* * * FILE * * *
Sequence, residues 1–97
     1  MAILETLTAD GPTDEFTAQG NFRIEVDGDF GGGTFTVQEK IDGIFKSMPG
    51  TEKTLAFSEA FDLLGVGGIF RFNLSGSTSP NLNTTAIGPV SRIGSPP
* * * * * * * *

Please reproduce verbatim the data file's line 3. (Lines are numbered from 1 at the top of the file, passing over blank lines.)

    51  TEKTLAFSEA FDLLGVGGIF RFNLSGSTSP NLNTTAIGPV SRIGSPP